Again the terrain was varied, which is a consistent theme for this trail.  This section of the trail is muddy, had several blow downs and could use some more signage.

 

When we got to the spur trail for McLeavy Lake, I had difficulty even locating it.  I am not sure how well I could have followed it had we decided to stay there.

 

The last several miles were through a pine forest where the trail signage was faint and difficult to follow.  For some reason, I found myself in the zone; picking out faint trail markings and ancient signs of maintenance.  It was great; I felt amazing and was flying along with my eyes darting around looking for the next clue to keep on the trail.

 

We started hearing cars on the road long before we arrived there.  I kept thinking that the end would just be over the next hill, but it was fooling me.

 

Eventually we did arrive, excited and feeling accomplished.

 

About the trail

 

Terrain – It is so varied.  Everyday would take us through different types of forests and fields.

 

Difficulty – There are several large hills (like the area around Rattlesnake), but much of it is not horribly hilly.  Most of the difficulty came from things like blow downs, boardwalks in disrepair, bridges that are damaged or missing or sections of trail covered in mud or water.  There is also a long stretch of trail that did not have a water source along the southern edge of the loop.

 

Navigation – There are several sections where this trail is not well marked.  While leading, I lost the trail many times and I am normally proficient at keeping on trail.  None of these trail losses were long, as I had help from the great people with me.  The map from the Pigeon River Country Association is well made and I found that the trail was pretty accurately depicted in my Gaia app.

 

Use – We saw one other hiker on this trail.  One.  We did plan this trip mid-week in hopes to avoid full campgrounds (many of the campgrounds are very small) but it was odd to only encounter one other person on such a long trail.

 

Bugs – I saw zero mosquitoes.  This was probably more due to the time we went (late May) than anything else.  There were plenty of lowlands, especially on the northern part of the trail for those jerks to be around.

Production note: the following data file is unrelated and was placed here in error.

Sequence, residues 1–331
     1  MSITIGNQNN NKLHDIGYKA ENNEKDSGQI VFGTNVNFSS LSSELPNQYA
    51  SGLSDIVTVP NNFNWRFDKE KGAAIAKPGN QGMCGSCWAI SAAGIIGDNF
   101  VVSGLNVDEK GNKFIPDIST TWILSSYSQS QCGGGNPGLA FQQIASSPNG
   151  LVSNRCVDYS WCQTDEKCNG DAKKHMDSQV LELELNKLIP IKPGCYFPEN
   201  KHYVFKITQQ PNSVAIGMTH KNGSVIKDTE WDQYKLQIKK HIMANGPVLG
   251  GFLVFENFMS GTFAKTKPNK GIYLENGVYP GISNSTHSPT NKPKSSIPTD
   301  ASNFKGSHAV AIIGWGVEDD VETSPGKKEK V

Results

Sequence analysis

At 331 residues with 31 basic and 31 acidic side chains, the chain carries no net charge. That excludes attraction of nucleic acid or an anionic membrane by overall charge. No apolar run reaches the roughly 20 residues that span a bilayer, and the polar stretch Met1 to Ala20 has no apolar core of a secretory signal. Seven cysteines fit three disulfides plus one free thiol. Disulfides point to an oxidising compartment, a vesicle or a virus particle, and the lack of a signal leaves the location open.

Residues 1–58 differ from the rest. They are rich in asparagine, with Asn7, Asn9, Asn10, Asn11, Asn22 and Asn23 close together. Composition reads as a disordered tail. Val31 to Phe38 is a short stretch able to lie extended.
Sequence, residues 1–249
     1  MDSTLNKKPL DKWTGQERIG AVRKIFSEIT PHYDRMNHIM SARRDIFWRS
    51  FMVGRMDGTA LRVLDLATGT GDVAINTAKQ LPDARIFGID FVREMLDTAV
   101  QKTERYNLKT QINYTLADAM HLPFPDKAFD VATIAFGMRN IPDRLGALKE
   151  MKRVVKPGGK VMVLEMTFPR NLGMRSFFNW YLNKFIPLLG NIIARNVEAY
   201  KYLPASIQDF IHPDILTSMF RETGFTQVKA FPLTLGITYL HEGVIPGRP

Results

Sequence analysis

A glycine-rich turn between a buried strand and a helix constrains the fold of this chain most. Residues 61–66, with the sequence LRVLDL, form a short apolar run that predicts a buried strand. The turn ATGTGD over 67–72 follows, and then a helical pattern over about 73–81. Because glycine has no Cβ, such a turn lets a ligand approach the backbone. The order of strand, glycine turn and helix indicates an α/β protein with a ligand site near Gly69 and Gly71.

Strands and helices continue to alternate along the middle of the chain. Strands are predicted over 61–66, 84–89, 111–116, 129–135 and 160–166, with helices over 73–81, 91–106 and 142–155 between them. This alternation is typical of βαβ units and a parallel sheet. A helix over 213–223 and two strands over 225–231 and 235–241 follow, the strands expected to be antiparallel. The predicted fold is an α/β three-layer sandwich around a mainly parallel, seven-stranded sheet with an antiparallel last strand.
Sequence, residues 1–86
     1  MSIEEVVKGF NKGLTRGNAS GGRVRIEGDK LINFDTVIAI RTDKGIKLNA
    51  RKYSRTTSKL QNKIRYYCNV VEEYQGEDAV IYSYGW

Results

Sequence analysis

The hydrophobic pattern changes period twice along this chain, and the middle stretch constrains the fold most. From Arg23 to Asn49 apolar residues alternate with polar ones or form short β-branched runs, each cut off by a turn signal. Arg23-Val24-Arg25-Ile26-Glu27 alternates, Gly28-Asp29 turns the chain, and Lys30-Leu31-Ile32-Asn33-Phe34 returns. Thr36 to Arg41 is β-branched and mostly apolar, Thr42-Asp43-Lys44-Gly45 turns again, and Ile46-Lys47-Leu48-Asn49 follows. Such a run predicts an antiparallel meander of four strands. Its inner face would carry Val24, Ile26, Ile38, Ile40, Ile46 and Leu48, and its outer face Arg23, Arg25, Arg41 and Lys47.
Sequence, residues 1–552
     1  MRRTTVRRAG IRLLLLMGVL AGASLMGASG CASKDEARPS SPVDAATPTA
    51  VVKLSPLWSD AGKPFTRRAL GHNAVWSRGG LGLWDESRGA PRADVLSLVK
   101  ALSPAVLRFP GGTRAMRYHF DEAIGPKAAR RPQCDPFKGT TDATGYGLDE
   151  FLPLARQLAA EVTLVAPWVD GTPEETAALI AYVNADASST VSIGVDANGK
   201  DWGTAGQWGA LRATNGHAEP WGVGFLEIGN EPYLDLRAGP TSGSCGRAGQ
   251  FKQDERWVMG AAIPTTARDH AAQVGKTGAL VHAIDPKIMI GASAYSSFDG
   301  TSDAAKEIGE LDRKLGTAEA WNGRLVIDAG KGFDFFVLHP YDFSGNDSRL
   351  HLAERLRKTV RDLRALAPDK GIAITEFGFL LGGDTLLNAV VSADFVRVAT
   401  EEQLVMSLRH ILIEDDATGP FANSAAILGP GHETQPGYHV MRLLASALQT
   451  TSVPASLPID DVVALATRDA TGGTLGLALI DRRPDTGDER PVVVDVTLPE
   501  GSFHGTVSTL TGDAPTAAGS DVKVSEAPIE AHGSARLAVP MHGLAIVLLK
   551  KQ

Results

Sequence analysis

It was a bad year for ticks.  We had many encounters with these blood suckers.  I wore long pants and long sleeves with clothes I had sprayed with permethrin and still experienced two bites and many ticks on my clothes.  Be prepared for these guys, ticks can carry disease and are no joke!

 

Planning – As I mentioned, this was two years in the planning for us with several experienced hikers.  We did have a larger group, which adds to the difficulty and had to plan for a resupply.  Hikers capable of more miles per day or willing to carry more food may be able to avoid the need for a resupply.

 

Backcountry camping is allowed along the HCP, following restrictions, but there are also several state forest campgrounds which offer water sources, pit toilets, picnic tables and fire rings.  There are more campgrounds by this trail than the ones mentioned in this blog.  It may be possible to do the loop only staying at state forest campgrounds, but you would probably be looking at a couple of 16 + mile days.

 

Likeability – We thought this trail was under-rated.  Yes, it needs maintenance but that is part of the thrill of this type of backcountry backpacking experience.  With varied landscapes and a variety of campgrounds, the trail and the accommodations kept us engaged.  This is a nice long and challenging loop to have in the lower peninsula of Michigan.

 

A Big Thank You

 

Thank you to everyone who participated in this trip.  It was a wonderfully cohesive group with everyone looking out for each other.

 

Thank you for sharing your pictures with me for this blog article.  A big thank you to Anandhi, whose great journey through photos really helped my poor memory to complete this article.

 

And to the reader, as always, thanks for reading.